The documentation on the General Public License from the Free Software Foundation, the creator of the license, is silent on the issue of whether software communicating with a GPL licensed program via standard protocols must be under a compatible license. Bradley Kuhn, executive director of the FSF, told us that “[the] FSF maintains that deciding what types of activity are prohibited by the GPL is extremely context-dependent.” He continued by asserting “since GPL relies completely on copyright law, whether or not something is a derivative work depends on what is said in the copyright law and surrounding case law, not any particular thing the GPL tself

Kuhn declined to comment on the case of MySQL and its licensing. “We have no specific comment on how MySQL AB structures their marketing literature.”

Some sources we talked to suggested that unixODBC could be used to connect a proprietary program with the GPL licensed MySQL, since unixODBC is licensed under the LGPL. Nick Gorham, of the unixODBC project, responded, “Its certainly my intention that commercial apps can use unixODBC, that's why the driver manager and support libs are released under the LGPL.” On the other hand, he also noted, “I would say that if the [MySQL] driver is used for a commercial purpose, then the presence of other code [unixODBC] won't change the fact the driver is being used commercially,” he told us.

Urlocker pointed out that “it is never wrong to buy a commercial license,” noting that “we like being able to continue releasing new versions” of MySQL, and that the commercial licenses are what generates the revenue that MySQL AB uses to pay its development team to continue developing the MySQL database.

Emphasizing the company's commitment to the GPL, he stressed that MySQL thinks “the GPL is the best license there is” and that MySQL AB works “closely with the Free Software Foundation.” On the flip side, Urlocker said the company would consider a different license in the future, if a better one became available. “The GPL is not a perfect license … but it is the best that is available.”

Concerning the fear of litigation suggested by the consultant mentioned earlier, Urlocker said, “We are never going to be the license police.” While the company has no desire to legitimize uses it sees as going against the philosophy of the license, he emphatically denied that MySQL had any interest in spending time suing users over what it sees as gray areas.

“[MySQL] is always open to feedback from our users on ways to better serve them whether it's a licensing issue or a product feature, documentation, support, etc.,” Urlocker told us.

The main point he made to us is that his company believes “strongly in Open Source.” The company has actually tried to increase the freedoms provided by the GPL, Urlocker asserted, with the “MySQL FOSS exception” that allows some Open Source Initiative approved licenses, that are incompatible with the GPL, to still make use of the GPL licensed version of MySQL.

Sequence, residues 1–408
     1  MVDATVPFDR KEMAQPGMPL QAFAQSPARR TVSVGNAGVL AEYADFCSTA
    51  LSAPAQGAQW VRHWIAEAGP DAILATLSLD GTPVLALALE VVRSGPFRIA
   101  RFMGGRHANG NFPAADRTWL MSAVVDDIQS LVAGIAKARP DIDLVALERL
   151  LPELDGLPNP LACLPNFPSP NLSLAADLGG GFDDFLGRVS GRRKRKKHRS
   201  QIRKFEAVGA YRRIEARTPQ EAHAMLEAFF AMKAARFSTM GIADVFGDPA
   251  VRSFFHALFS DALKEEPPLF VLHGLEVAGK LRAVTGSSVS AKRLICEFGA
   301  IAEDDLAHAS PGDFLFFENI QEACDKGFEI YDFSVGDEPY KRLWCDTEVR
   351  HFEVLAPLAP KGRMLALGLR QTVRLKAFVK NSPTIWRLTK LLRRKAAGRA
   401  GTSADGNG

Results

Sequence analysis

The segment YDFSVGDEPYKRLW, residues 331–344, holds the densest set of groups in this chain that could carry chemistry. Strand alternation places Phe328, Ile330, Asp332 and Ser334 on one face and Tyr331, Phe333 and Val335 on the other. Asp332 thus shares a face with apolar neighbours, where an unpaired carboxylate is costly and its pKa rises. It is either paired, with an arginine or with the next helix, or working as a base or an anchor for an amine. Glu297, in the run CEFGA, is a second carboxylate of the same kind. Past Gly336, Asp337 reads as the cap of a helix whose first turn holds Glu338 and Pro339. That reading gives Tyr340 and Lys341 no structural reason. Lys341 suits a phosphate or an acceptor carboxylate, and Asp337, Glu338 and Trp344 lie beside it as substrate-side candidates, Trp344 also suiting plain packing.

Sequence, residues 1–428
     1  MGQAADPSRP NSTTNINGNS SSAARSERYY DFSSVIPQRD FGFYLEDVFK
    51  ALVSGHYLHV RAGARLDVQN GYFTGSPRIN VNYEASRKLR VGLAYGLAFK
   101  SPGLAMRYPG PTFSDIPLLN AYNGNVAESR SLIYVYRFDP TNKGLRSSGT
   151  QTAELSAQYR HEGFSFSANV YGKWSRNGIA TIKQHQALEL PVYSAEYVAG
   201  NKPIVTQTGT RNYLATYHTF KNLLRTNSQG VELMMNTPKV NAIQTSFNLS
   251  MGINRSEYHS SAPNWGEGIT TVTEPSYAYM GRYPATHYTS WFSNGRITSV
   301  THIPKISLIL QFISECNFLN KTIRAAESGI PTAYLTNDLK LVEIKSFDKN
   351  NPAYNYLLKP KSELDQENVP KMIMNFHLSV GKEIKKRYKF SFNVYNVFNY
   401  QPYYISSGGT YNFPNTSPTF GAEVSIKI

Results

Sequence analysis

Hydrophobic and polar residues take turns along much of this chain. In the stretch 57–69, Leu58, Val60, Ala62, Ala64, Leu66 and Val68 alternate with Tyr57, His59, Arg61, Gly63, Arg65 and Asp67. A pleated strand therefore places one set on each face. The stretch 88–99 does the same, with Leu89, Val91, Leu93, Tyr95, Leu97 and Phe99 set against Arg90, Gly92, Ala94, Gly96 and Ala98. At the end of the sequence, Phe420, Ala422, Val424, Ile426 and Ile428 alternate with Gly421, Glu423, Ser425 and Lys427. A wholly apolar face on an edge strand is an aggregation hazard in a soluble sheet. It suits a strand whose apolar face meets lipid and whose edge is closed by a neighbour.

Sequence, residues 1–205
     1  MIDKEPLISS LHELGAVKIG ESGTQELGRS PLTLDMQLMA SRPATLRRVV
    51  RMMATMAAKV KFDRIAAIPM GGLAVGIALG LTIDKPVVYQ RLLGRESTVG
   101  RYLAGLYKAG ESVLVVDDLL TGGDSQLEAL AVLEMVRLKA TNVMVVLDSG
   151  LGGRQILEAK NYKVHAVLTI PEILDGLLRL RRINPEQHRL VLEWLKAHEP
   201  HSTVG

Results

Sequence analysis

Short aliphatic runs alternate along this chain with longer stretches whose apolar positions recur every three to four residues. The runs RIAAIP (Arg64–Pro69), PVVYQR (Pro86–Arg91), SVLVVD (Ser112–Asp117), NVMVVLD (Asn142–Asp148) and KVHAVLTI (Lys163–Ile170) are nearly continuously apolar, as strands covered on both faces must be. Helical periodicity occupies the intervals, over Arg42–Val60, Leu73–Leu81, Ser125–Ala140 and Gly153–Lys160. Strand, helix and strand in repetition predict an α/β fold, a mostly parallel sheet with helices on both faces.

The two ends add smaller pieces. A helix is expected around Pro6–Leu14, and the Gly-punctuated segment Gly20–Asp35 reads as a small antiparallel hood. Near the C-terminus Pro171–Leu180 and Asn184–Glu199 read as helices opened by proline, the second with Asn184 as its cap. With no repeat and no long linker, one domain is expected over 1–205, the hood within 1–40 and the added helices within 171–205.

New Offerings on the Horizon

Speaking of the new releases made possible by MySQL's dual licensing business model, Urlocker pointed out that MySQL 4.1 is presently in beta and “should be released for production” within four to five weeks. According to information provided by the company, the new release will feature OpenGIS geographical data support and the ability to send multiple SQL statements via a C language MySQL API call and receive the results back at once, among other additions and enhancements.

MySQL 5.0, the first major update to the product since the MySQL 4.0 “production” release was announced in early 2003, is presently in the alpha stage of development. “New stored procedures and views” are among the features that this upcoming release will include. Some other interesting features may also make it into the code before the release, but Urlocker said that his company prefers to “under promise and over deliver.”

Urlocker also pointed out with excitement the changes he sees in the Free Software and Open Source sector. “You use to have to be a pioneer [to use Open Source],” he told us, but he believes that is no longer true. He noted, for example, that there are now over a hundred different products that come with MySQL, and third party support is growing, with such notable additions as Quest Software's preview release of the TOAD for MySQL development environment and upcoming support in Embarcadero Technologies' cross-platform and cross-database administration tool, DBArtisan.

He also pointed to the introduction of premier support by MySQL. Urlocker said that this was intended to provide services such as a technical onsite account manager, for organizations requiring advanced, commercial level support from MySQL AB. “As Open Source becomes more popular, corporate managers are looking for these types of things,” he told OfB.

Due to the company's quick expansion and the growth of the Free Software sector, Urlocker also told us his company is presently seeking to fill quite a few job positions in the United States and abroad. Those interested in available positions can find out more on the MySQL web site.

Timothy R. Butler is Editor-in-Chief of Open for Business. You can reach him at tbutler@uninetsolutions. com.